(Reuters) - Mylan NV (>> Mylan NV) defended Chairman Robert Coury's role to ISS this week as the influential proxy firm prepares to advise shareholders on how they should vote on the re-election of Coury and other directors, according to a letter the drugmaker released on Wednesday.
New York City and State pension funds and the California Teachers' Retirement System are urging shareholders to vote on June 22 against Coury and five other directors. The funds cite the board's poor oversight of Coury's high pay package, investigations into how much it charged the government and consumers for its EpiPen emergency allergy treatment business and a takeover offer.
The investors, who hold 4.3 million shares, said Mylan walked away from a deal with rival Teva International Industries Ltd (>> Teva Pharmaceutical Industries Limited)<TEVA.N> in 2015, causing shares to lose value.
ISS is preparing to issue a report on the vote, and Mylan's letter was aimed in part at convincing the firm that it should let it see a copy before publication.
ISS spokesman Subodh Mishra said the advisory firm would not do so, which it said is typical in controversial situations.
"We believe that the pending “vote no” campaign led by certain Mylan shareholders creates a contentious/controversial situation and so ISS is not providing MYLAN with a pre-publication review,” Mishra said.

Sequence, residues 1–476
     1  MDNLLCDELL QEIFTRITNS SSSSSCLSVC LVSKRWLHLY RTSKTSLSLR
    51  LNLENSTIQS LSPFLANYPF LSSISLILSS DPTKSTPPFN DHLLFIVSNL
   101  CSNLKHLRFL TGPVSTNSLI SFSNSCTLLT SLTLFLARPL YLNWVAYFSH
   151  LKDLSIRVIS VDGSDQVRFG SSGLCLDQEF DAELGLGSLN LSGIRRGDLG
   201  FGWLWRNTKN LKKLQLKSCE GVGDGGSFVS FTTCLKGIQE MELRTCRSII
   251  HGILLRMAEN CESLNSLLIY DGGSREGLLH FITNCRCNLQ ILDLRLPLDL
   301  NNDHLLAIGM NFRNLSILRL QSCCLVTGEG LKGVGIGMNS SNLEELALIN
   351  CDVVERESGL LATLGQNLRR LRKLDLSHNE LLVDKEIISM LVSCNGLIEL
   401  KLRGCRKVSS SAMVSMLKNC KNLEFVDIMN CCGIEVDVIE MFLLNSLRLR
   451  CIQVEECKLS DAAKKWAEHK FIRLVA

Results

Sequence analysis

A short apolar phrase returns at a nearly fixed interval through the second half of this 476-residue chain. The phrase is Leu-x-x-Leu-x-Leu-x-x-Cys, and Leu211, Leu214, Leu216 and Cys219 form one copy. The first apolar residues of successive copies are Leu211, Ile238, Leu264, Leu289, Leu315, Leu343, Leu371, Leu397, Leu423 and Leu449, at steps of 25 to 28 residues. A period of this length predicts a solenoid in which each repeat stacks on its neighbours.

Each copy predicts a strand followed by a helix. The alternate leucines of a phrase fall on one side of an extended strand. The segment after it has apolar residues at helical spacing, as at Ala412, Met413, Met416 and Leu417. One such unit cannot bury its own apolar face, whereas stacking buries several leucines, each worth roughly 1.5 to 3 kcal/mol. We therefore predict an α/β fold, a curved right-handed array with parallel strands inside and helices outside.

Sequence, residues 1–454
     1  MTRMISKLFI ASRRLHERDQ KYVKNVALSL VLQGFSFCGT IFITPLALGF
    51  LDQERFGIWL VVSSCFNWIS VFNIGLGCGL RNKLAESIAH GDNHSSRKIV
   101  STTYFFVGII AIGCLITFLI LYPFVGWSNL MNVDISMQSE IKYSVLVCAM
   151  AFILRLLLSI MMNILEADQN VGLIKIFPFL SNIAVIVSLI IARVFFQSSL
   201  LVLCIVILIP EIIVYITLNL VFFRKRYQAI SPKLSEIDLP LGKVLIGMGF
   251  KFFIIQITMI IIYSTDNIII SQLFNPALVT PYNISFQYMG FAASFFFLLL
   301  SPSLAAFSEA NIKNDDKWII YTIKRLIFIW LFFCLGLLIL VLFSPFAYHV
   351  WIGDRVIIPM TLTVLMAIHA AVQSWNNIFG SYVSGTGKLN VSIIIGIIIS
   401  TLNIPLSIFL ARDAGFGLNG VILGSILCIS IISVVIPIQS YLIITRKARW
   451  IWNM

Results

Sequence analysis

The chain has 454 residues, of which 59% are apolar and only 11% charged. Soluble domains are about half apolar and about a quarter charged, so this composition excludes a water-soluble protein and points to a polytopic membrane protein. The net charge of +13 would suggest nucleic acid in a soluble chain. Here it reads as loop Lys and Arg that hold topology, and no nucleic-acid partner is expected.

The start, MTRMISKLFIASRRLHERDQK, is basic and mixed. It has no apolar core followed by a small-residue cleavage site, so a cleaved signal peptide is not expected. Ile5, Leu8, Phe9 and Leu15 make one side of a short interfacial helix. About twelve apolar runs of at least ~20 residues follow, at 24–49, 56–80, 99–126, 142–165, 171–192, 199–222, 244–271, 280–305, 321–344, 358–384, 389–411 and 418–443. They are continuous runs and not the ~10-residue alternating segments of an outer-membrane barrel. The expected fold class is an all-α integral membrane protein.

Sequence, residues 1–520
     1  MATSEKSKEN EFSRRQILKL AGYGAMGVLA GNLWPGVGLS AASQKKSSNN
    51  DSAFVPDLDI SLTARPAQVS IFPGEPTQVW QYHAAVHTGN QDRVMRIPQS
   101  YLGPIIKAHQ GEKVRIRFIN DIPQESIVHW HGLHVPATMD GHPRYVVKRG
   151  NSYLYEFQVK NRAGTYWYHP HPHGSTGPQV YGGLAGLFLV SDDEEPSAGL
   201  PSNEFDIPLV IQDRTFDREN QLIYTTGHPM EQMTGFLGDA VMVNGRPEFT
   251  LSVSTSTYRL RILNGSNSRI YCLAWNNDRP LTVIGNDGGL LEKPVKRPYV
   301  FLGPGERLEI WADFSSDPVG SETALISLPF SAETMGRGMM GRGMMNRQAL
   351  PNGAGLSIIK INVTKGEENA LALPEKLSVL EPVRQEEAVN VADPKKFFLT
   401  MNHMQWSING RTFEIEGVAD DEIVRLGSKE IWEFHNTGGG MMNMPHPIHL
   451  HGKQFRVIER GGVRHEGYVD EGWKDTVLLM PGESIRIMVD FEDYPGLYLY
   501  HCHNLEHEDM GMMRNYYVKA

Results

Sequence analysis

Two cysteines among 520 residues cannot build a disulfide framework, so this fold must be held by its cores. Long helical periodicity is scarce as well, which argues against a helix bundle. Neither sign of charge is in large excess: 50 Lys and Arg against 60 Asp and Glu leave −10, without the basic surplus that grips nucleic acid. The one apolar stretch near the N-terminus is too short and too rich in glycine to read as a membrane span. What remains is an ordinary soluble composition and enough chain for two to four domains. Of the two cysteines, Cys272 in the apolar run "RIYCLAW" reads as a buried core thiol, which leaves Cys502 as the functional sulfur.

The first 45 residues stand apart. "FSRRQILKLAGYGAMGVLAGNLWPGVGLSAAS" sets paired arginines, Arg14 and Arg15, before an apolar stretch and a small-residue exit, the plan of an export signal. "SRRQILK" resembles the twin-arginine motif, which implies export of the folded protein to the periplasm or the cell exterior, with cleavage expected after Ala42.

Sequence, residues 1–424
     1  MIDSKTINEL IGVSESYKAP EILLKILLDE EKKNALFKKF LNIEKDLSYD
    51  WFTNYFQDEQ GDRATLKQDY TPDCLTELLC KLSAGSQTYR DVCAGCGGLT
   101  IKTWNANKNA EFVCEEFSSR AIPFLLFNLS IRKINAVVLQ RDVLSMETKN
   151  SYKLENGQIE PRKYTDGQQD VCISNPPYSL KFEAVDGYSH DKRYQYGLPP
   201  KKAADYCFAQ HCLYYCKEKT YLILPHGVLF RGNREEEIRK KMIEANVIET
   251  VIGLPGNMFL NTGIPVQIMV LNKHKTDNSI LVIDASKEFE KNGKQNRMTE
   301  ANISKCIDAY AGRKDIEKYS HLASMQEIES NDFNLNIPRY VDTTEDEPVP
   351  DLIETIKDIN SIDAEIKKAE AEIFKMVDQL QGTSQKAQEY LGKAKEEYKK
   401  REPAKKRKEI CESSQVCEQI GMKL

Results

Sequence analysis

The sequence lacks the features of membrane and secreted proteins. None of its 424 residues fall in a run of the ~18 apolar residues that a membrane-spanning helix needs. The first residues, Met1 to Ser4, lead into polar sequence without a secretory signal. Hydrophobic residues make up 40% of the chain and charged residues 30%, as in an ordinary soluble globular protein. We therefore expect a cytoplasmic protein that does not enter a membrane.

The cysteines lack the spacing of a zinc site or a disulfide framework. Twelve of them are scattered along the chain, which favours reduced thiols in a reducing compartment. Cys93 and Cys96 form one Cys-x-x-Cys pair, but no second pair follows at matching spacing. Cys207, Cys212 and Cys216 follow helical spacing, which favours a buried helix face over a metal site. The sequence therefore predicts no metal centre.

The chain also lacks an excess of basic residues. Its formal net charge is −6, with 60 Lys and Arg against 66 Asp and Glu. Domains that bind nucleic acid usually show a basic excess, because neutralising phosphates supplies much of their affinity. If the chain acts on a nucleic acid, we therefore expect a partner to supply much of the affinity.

Mylan met with ISS on Monday and discussed the role of Coury in growing the company, according to the letter, and defended his compensation, which was more than $97 million in 2016.
Mylan also defended its dealings with Teva, saying it "never" received an offer from the Israeli drugmaker.
Teva said in an open letter in April 2015 it would pay $82 per share in cash and stock, and Coury responded in a letter to Teva that the offer was too low and that the starting point for discussions was $100 per share.
Teva walked away in July 2015 after reaching a $40 billion deal for Allergan Plc's (>> Allergan, Inc.) generic unit. Mylan shares rose 0.5 percent to $38.74 on Wednesday.
Mylan has been the subject of federal and state investigations and agreed last fall to pay $465 million to settle U.S. Justice Department allegations it overcharged the government for EpiPens, although the agreement has not been finalized.
Last week, a government agency put out a report saying that Mylan may have overcharged the government by $1.27 billion.
(Reporting by Caroline Humer in New York; Editing by Jeffrey Benkoe and Diane Craft)